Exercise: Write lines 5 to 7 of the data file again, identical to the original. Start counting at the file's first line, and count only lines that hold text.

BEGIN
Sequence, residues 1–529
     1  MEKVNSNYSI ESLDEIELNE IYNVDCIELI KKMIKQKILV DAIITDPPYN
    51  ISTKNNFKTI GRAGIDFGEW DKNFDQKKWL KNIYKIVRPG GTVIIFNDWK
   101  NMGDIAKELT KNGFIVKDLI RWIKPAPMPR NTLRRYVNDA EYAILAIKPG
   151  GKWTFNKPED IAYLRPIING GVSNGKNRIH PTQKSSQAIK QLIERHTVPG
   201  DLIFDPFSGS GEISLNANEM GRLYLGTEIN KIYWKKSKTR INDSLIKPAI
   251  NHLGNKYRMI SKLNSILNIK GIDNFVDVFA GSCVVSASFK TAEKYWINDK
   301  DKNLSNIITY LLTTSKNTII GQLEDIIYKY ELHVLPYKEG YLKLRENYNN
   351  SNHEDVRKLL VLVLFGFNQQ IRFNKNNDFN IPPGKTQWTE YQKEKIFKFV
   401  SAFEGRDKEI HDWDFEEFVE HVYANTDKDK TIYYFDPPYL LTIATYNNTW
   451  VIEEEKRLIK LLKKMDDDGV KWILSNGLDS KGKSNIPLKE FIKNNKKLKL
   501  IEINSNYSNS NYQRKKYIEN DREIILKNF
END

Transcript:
   151  GKWTFNKPED IAYLRPIING GVSNGKNRIH PTQKSSQAIK QLIERHTVPG
   201  DLIFDPFSGS GEISLNANEM GRLYLGTEIN KIYWKKSKTR INDSLIKPAI
   251  NHLGNKYRMI SKLNSILNIK GIDNFVDVFA GSCVVSASFK TAEKYWINDK